If you have had the pleasure of traveling to Sequoia National Park, you have seen some extraordinary beauty. The entire park is full of gorgeous trees, breathtaking views, and phenomenal scenery. Most of the trees in the park are thousands of years old allowing you to take in all of the history, age and wonder encompassing this magical area. There is a tree in the Sierra Nevada Mountain Range east of Visalia, California located in the Sequoia National Park, that researchers estimate is about 3,200 years old. It measures in at 247 feet tall, which is surprisingly not the tallest tree in the world, that is a California redwood which measures in at a whopping 379 feet. If you take it to account all of the bark, branches and general size, this one is arguably the largest tree in the world. But, when doing research on a tree so large, it is impossible to obtain a photograph that shows the entire length of the tree. Leave it to National Geographic to make this possible though. I introduce you to the magnificently beautiful, and rightfully nicknamed, “President” tree.
This photograph above is actually a mosaic, made up of 126 photographs, in order to capture the stunning full-length shot of the President Tree.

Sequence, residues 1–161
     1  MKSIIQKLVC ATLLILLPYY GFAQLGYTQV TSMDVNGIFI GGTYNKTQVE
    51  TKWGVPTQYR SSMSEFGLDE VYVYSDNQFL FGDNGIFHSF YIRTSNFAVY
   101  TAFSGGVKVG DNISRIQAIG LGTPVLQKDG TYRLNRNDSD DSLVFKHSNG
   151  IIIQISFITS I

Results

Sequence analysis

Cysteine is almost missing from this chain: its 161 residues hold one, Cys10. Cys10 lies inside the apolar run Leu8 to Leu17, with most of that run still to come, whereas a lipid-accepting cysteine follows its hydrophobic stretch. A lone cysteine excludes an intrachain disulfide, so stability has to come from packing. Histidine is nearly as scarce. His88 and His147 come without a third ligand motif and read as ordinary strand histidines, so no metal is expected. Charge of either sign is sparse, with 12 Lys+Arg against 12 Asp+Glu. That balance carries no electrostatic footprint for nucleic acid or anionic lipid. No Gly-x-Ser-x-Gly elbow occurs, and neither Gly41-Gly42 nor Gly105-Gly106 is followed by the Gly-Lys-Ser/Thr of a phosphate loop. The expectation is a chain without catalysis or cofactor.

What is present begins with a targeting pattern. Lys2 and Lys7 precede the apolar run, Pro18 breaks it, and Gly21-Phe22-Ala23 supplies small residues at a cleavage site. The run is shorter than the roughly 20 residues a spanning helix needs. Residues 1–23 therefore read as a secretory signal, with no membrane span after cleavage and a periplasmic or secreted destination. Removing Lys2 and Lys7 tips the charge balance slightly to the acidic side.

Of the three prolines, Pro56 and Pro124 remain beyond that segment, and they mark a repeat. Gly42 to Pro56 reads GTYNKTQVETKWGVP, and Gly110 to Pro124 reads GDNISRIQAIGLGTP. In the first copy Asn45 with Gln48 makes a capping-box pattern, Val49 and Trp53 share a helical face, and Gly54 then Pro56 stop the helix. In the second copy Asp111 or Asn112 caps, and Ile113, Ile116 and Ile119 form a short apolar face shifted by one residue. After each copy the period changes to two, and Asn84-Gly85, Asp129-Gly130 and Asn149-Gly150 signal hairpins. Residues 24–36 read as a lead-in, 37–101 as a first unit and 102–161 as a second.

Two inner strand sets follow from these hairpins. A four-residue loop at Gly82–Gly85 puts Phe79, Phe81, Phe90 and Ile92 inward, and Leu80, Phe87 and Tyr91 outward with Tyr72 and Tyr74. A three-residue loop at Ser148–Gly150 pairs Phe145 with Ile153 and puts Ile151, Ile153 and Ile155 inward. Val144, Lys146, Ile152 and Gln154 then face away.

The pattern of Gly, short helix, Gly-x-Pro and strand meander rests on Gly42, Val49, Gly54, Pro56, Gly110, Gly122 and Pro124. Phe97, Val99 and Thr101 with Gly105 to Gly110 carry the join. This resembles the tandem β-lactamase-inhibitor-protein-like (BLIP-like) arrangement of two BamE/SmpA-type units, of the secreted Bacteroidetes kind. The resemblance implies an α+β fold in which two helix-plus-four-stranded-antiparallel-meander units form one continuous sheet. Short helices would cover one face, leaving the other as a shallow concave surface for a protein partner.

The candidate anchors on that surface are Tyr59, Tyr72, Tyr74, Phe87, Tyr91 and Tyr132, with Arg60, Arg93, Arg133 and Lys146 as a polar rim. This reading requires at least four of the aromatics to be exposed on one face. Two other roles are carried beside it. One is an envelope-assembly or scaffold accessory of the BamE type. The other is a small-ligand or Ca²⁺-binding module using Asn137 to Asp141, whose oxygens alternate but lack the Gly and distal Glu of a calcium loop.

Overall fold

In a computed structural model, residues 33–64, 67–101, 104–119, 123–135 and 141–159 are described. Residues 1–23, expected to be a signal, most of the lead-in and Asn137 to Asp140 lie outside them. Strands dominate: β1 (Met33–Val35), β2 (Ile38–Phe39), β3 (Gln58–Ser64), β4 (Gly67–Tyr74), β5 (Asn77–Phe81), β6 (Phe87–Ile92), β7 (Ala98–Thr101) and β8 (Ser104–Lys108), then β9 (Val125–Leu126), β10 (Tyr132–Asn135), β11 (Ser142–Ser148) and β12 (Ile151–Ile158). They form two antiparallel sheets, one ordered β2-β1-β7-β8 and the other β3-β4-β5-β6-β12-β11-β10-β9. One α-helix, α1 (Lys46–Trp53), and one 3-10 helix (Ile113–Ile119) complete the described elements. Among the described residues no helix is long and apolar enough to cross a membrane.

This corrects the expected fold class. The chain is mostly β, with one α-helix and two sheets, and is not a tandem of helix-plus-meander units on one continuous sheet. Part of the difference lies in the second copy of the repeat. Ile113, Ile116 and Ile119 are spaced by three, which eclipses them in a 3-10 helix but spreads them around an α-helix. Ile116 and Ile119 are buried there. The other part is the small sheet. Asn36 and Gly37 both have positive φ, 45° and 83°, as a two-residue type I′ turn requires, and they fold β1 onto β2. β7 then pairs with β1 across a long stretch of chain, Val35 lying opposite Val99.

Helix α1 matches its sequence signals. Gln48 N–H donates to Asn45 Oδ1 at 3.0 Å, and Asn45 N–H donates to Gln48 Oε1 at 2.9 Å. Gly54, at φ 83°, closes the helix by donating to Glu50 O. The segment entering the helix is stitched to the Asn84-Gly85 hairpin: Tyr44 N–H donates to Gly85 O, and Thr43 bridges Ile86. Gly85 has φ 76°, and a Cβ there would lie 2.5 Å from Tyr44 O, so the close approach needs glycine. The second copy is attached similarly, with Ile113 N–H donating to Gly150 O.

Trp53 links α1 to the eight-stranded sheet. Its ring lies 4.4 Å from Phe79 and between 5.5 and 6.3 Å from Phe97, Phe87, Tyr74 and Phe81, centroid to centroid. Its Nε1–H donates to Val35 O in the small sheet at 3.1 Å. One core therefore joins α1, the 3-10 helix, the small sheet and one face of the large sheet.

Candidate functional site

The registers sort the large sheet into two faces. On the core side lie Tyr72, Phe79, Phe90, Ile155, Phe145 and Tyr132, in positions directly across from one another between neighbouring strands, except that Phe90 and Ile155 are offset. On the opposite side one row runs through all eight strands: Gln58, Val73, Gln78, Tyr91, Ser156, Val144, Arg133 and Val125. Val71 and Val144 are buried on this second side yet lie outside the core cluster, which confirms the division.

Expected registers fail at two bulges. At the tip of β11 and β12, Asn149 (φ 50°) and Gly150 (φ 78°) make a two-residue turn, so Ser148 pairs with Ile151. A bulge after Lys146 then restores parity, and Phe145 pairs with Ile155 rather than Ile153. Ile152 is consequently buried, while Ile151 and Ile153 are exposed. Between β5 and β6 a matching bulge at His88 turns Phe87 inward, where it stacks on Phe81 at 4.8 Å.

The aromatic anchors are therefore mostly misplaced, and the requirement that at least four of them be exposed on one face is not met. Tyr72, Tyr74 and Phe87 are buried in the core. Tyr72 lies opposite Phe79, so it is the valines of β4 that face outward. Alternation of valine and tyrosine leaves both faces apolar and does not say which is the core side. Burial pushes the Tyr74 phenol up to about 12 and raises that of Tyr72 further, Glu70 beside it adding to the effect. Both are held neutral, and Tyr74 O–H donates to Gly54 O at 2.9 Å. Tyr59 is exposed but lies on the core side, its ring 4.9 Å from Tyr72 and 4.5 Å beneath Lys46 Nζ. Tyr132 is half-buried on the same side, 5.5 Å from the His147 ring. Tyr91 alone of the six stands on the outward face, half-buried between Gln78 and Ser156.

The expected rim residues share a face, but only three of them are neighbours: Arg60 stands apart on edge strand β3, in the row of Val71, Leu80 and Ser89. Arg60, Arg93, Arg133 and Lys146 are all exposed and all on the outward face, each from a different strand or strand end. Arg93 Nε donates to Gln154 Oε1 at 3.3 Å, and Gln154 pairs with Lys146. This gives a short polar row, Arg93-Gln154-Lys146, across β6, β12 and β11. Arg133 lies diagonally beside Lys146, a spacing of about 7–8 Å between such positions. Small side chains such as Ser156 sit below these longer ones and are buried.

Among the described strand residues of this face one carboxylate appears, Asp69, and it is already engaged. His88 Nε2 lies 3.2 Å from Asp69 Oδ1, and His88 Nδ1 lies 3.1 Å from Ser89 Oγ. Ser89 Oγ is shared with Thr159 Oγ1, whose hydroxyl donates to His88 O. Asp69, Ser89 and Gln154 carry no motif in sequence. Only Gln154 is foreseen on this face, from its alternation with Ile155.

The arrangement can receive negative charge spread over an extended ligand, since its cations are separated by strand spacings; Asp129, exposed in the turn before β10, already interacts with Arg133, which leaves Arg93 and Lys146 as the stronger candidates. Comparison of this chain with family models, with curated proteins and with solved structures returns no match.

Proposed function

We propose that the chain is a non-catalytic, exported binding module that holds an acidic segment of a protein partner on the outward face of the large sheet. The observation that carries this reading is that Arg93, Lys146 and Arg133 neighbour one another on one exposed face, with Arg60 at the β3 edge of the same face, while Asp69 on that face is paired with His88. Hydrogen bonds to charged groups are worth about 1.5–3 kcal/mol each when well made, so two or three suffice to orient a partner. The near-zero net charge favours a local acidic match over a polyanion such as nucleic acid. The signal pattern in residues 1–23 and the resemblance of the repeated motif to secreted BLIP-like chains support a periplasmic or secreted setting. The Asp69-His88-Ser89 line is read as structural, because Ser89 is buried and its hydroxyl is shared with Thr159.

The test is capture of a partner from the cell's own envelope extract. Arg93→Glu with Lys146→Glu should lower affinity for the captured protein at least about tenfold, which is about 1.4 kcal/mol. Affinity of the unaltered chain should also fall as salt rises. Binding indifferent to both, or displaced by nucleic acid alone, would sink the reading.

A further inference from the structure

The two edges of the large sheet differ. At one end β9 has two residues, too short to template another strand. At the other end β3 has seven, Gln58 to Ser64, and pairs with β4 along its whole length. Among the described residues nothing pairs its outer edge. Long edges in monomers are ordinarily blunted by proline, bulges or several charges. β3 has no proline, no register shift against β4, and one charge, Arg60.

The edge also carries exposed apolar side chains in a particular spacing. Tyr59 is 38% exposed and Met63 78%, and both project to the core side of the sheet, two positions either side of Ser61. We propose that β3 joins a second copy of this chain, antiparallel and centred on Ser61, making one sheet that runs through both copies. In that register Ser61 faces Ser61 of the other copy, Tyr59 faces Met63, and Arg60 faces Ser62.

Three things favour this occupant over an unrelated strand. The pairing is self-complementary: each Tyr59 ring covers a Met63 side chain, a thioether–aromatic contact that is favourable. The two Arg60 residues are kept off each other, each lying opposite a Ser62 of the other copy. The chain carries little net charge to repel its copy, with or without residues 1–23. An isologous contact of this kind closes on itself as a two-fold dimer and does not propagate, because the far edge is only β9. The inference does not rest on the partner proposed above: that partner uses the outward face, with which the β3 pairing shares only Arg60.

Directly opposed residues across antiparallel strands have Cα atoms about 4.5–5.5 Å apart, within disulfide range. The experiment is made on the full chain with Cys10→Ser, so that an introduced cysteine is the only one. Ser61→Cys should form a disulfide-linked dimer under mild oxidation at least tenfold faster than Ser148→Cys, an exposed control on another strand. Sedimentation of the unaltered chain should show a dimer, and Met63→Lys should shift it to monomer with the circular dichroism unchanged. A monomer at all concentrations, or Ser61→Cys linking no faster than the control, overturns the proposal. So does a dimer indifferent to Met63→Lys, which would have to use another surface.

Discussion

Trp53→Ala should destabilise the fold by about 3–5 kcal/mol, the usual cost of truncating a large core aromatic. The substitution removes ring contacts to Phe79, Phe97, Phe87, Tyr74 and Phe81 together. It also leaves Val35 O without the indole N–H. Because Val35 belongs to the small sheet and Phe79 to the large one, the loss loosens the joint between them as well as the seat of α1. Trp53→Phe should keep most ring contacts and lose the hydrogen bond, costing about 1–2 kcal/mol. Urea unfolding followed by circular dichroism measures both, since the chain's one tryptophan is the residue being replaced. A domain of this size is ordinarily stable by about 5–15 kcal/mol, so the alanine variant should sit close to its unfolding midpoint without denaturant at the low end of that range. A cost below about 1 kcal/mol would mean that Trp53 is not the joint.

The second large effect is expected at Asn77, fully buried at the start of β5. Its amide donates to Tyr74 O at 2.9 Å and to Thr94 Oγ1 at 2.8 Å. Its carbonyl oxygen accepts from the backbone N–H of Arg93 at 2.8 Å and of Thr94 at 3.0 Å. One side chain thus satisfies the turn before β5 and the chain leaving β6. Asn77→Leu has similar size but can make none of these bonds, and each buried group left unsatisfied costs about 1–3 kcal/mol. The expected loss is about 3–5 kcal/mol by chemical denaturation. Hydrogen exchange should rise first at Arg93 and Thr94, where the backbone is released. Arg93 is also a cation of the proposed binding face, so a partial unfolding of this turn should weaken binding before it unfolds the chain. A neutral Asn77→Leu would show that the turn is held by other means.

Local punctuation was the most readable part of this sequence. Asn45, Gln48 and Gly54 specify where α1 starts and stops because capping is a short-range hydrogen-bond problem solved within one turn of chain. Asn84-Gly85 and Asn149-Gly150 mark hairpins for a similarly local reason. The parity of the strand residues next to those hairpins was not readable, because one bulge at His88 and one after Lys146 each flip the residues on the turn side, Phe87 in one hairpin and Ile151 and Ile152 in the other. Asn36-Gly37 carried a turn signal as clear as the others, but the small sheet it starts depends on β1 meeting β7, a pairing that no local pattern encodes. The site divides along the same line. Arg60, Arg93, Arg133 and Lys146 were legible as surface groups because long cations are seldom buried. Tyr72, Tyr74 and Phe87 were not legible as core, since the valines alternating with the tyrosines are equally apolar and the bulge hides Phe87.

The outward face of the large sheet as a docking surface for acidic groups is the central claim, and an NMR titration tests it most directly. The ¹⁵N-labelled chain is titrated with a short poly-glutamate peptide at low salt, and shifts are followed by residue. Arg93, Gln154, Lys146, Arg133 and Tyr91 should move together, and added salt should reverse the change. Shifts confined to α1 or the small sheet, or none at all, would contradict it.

According to one of the researchers, Steve Sillett, he states ‘We know that there are trees that have bigger trunks, but when you add up all of the wood beside the main trunk – all of the limbs, all of the branches, all of the bio-mass above the ground – this tree is likely the biggest,’
National Geographic wanted to capture a stunning photograph of the President tree in order to give its readers a real visualization in order to understand the sheer magnitude of this behemoth.
It took the National Geographic photography team a total of 33 days in order to capture all of the images necessary to create the mosaic.
Capturing the photograph was no easy task, watch the below video to see how it was done.
National Geographic did not disappoint, that is for sure. The beautiful 5 page spread of the President tree can be found in their December, 2012 issue. “The reason we want to do these portraits – people get it. When they see the tree in its totality without distortion, they gasp,” said photographer Michael Nichols. Have you seen any living thing this large before? Where was it? I can only imagine what it is like to see the President tree in person. I imagine it would really put into perspective our size compared to some of the magnificent things sharing this planet. What are your thoughts?